Protesters and family members of Sept. 11 victims protest in front of the White House regarding President Barack Obama's threatened veto of the Justice Against Sponsors of Terrorism Act (JASTA) in Washington, Sept. 20, 2016. Gary Cameron/Reuters

Congress may be considering a do-over now that it has overridden President Barack Obama’s veto of the bill that allows victims of the Sept. 11 attacks to sue Saudi Arabia.

Congress voted to override ( 97-1 in the Senate and 348-77 in the House) Obama’s veto Wednesday. By Thursday, both House Speaker Paul Ryan and Senate Majority Leader Mitch McConnell said the bill might have unintended consequences — exactly what Obama argued in issuing the veto.

Supporters argued the bill was about pursuing justice for Sept. 11 families.

The law, the Justice Against Sponsors of Terrorism Act, establishes the precedent of allowing the victims of terrorism to hold a state liable for the actions of its citizens, the National Interest explained. The fear is that U.S. soldiers involved in counterterrorism operations now could be targeted in foreign courts.

JASTA makes an exception to the principle of sovereign immunity when it comes to terrorist acts on U.S. soil. Saudi Arabia has long denied it backed the hijackers who flew planes into the World Trade Center, the Pentagon and a field in Pennsylvania, killing some 3,000 people. Of the 19 hijackers, 15 were Saudi nationals.

“If we fail to uphold this standard [sovereign immunity] for other countries, we place our own nation’s officials in danger. No country has more to lose from undermining that principle than the United States,” CIA Director John Brennan said.

U.S. law already had allowed lawsuits against state sponsors of terrorism such as Sudan, Syria and Iran. The measure enacted Wednesday expands the right to any foreign country involved in an act of terrorism on U.S. soil.

“I would like to think there’s a way we can fix so that our service members do not have legal problems overseas while still protecting the rights of the 9/11 victims,” Ryan said. McConnell added: “It’s worth further discussing. It was certainly not something that was going to be fixed this week.”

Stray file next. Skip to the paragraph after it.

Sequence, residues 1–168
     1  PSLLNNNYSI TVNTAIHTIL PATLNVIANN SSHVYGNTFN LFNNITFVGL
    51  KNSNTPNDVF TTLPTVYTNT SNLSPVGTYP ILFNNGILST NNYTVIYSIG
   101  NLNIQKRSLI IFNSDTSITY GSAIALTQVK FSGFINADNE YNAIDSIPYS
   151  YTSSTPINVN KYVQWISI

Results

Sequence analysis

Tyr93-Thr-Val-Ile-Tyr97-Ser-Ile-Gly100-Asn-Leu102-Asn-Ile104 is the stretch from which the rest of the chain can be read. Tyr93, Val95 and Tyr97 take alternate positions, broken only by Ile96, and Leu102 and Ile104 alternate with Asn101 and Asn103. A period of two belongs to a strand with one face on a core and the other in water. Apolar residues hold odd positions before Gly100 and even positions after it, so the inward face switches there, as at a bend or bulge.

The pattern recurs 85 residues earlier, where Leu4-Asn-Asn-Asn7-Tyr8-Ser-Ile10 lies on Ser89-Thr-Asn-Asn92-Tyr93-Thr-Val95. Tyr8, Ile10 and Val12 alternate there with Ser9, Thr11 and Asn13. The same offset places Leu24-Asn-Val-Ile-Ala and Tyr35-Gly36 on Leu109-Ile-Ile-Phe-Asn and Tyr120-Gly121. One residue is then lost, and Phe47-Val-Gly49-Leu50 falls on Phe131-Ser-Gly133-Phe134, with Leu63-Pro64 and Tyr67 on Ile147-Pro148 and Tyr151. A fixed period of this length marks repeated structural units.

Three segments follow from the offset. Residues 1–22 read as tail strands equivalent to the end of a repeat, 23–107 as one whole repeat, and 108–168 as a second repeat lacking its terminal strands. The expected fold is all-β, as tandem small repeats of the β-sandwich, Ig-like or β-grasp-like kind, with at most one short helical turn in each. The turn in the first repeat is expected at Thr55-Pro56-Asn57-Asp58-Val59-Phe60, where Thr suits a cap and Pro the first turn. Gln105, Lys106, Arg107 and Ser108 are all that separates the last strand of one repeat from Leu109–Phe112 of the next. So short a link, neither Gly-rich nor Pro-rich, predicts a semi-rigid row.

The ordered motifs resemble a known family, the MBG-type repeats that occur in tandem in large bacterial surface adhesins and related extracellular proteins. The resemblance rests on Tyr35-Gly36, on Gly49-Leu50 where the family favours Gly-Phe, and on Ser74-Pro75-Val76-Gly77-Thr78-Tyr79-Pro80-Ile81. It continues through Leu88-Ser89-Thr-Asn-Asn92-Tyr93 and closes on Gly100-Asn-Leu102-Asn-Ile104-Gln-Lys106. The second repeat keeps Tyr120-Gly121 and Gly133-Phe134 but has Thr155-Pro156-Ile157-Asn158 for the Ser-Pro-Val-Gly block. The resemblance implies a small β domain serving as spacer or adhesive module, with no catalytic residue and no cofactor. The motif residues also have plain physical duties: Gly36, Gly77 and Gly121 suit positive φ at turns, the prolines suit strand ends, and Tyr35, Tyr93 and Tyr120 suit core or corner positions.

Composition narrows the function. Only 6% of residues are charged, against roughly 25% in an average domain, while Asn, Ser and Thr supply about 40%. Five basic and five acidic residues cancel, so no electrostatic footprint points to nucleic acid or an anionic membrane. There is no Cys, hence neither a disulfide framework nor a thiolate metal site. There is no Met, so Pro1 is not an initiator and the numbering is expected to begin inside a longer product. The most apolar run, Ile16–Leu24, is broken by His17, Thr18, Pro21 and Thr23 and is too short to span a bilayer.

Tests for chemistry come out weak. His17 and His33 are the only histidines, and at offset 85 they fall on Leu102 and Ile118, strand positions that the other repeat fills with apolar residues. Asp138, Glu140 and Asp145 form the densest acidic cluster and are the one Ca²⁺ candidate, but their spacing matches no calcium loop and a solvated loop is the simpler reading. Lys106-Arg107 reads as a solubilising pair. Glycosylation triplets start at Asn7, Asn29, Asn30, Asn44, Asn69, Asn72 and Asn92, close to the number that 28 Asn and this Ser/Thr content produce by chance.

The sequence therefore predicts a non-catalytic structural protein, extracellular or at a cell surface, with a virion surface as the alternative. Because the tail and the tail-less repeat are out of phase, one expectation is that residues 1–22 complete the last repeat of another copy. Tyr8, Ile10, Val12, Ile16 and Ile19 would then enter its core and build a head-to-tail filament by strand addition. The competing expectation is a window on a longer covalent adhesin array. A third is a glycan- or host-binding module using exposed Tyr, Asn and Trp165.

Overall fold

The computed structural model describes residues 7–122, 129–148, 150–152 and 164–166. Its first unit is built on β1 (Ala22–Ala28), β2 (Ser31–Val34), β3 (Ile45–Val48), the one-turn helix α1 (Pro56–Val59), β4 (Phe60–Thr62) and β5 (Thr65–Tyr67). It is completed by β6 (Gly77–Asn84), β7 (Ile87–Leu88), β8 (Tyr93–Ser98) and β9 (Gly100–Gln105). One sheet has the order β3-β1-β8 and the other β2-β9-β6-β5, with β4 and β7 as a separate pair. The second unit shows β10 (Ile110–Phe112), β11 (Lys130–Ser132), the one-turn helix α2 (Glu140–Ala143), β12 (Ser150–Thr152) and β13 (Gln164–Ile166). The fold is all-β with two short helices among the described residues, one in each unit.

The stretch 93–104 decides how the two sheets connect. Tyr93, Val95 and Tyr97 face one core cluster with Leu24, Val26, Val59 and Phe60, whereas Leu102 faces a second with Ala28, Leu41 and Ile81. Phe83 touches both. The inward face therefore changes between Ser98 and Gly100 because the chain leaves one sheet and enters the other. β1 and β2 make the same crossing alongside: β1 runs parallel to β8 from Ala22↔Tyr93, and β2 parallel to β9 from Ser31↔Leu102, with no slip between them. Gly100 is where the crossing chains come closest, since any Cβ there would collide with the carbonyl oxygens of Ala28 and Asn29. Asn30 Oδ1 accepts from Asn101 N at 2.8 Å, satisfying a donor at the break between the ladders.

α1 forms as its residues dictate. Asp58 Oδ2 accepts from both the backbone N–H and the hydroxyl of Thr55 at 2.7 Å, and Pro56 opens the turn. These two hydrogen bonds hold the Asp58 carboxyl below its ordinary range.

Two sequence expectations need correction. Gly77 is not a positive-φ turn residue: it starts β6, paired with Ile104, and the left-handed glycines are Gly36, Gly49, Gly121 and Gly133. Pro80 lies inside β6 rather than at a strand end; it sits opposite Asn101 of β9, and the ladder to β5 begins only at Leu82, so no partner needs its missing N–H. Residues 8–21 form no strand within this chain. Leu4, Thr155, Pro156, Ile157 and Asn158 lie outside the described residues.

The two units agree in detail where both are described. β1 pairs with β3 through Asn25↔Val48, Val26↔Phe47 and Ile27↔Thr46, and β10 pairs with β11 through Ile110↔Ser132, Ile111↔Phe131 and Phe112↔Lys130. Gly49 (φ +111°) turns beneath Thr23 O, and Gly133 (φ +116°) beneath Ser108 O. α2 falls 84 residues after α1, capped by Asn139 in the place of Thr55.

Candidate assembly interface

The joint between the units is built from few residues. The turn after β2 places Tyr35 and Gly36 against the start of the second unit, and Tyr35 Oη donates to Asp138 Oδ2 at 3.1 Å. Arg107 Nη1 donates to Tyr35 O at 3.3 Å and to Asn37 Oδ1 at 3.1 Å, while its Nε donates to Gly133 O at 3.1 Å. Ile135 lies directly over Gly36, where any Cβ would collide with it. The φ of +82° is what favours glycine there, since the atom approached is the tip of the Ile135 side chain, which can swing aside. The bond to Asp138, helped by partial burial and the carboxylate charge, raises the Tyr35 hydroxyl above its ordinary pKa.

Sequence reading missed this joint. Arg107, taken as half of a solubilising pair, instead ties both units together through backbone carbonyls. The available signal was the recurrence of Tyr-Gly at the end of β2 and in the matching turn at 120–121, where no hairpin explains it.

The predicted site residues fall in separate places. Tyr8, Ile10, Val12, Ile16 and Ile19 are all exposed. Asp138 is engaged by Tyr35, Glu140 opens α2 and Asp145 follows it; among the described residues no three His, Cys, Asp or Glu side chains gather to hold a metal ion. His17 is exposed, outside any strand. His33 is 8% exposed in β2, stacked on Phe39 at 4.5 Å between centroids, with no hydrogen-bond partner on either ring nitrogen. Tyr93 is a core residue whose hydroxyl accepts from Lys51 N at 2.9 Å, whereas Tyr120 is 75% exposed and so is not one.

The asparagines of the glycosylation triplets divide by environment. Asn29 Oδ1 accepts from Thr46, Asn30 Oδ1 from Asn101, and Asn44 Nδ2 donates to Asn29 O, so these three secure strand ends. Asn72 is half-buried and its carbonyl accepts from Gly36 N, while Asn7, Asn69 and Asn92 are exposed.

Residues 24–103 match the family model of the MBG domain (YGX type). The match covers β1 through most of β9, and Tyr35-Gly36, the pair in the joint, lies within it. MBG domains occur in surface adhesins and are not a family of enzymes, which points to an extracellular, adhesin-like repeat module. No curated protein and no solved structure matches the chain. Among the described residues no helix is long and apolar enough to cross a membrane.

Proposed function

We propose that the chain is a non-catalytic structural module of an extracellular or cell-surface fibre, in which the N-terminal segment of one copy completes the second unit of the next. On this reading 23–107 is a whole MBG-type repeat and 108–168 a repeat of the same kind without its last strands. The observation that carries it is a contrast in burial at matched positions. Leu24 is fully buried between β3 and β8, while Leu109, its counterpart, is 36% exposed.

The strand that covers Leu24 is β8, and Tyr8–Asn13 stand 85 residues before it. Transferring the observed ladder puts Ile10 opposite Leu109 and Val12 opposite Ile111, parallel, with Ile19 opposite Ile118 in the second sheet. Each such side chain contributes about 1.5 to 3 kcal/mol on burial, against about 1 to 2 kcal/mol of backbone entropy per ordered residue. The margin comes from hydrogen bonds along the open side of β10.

Republican Sen. Bob Corker said the Senate Foreign Relations could take up the issue during the lame-duck session of Congress after the Nov. 8 election.

White House spokesman Josh Earnest said Congress apparently is experiencing a case of “buyers’ remorse.”

The Arab world reacted negatively to Congress’ action, the Associated Press reported, citing Twitter hashtags referring directly to the bill and #TheAmericanTerrorism. A widely shared photo montage of U.S. military actions in Japan and Vietnam, plus naked Iraqi prisoners at Abu Ghraib prison, surfaced with the caption: “Japan, Vietnam, Iraq, Afghanistan can't wait for JASTA to be implemented so they can, in turn, prosecute the U.S.”

Some argued the congressional action just shows the United States is interested only in justice for U.S. terror victims, not all victims.

Abdulkhaleq Abdullah, an Emirati Gulf specialist and professor of political science at United Arab Emirates University, warned the rest of the Arab world will stand behind Saudi Arabia, the AP reported.

Former Assistant Defense Secretary Chas Freeman warned Saudi Arabia could retaliate in ways that interfere with U.S. strategic interests, such as refusing overflight permission from Europe and Asia to the Qatari air base from where operations in Afghanistan, Iraq and Syria are orchestrated.

“The souring of relations and curtailing of official contacts that this legislation would inevitably produce could also jeopardize Saudi cooperation against anti-American terrorism,” he said.

The Saudis also could pull billions of dollars from the U.S. economy.